A small crowd had gathered in the common room to listen to the storyteller. There was usually a storyteller at the inn, weaving intricate and endless yarns that were all happy endings and generally safe for kids all day, but became darker and more adult in theme as their audience expected after dark.
I stopped to listen, as it seemed likely that I’d arrived as a new yarn was unfolding. She took a short length of beaded cord out of a pocket and held it up. “Beads on a string, about a dozen or so. A simple strand that can be joined in a loop by locking it here.”
With a practiced motion, she joined it into a ring by twisting the ends together.
“Which reminds me of a tale, that begins with a cobra.” As she spoke, she cut the ring open, and suddenly was holding a cobra made of beads. It coiled up in her palm, then lifted its head to look at the audience. The children gasped as its head moved hypnotically around giving it a good view of everyone.
“Don’t worry, I have him under control.” The cobra nodded at that.
“Besides, I’ve had his fangs capped so he isn’t nearly as dangerous as he thinks he is.” The snake turned and looked at her, obviously considering whether or not to test this notion. Then turned back and calmed down.
“All cobras,” the snake seemed satisfied to be the subject of the tale, “are magnificent hunters. Swift. Deadly. But often even the mightiest hunter has its weakness. The cobra is no exception.” The crowd were sucked in now. Even the little snake coiled up to listen.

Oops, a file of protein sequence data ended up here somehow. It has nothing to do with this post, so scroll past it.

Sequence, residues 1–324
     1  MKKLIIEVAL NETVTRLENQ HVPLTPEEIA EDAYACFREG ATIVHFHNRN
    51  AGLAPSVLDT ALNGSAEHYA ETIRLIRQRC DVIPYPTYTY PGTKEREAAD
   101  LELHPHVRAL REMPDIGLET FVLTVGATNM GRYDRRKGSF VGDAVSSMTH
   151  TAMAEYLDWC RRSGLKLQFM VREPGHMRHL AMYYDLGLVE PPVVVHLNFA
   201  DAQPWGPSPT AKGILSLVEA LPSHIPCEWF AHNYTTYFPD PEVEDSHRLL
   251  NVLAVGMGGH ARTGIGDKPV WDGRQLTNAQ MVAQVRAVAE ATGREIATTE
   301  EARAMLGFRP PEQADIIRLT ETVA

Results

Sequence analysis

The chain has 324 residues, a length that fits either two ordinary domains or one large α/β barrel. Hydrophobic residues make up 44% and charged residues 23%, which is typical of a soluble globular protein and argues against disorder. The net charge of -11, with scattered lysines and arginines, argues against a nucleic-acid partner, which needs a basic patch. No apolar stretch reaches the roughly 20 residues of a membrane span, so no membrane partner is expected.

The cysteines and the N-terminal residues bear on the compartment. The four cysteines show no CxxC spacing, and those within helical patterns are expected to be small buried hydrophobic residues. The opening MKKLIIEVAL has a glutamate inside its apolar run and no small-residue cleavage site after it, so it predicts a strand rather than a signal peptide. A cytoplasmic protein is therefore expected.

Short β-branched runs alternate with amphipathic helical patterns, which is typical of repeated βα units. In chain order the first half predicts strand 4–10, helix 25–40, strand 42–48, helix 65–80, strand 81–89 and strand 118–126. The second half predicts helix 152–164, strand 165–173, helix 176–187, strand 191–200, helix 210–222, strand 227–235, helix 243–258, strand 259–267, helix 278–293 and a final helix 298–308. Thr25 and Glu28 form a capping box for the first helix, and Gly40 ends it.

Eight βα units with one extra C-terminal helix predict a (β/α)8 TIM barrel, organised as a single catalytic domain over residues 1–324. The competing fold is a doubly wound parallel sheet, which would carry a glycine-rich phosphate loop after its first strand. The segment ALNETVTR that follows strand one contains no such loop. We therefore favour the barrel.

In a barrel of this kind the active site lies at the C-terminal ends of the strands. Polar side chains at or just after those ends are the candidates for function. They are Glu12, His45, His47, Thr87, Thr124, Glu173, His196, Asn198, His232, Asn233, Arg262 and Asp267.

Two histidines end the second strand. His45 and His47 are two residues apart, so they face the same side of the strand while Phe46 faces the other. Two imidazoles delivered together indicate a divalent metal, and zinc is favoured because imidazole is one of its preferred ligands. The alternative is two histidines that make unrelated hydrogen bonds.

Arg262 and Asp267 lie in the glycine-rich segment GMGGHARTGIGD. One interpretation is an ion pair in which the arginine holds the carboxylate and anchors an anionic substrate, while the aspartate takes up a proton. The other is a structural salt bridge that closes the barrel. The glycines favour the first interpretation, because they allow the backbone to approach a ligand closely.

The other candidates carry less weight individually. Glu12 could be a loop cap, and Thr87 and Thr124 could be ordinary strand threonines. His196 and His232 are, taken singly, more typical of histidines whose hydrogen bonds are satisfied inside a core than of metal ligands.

The cobra’s nemesis is the mongoose.
She picked the snake up by its coils, and with a deft movement had the first coil locked in place.
“The mongoose knows it can move as fast as the cobra, and knows to make its target here, at the back of the snake’s head when the cobra strikes. Once caught, that is the last strike the cobra will ever make.”
She deftly locked a second coil.
“And now the deadly snake is killed, and replaced by its enemy, the mongoose.”
She displayed the little bead animal in her palm, there being no sign of the snake. She presented the animal to a child in front and swiftly passed her hat for the reward she knew she was due.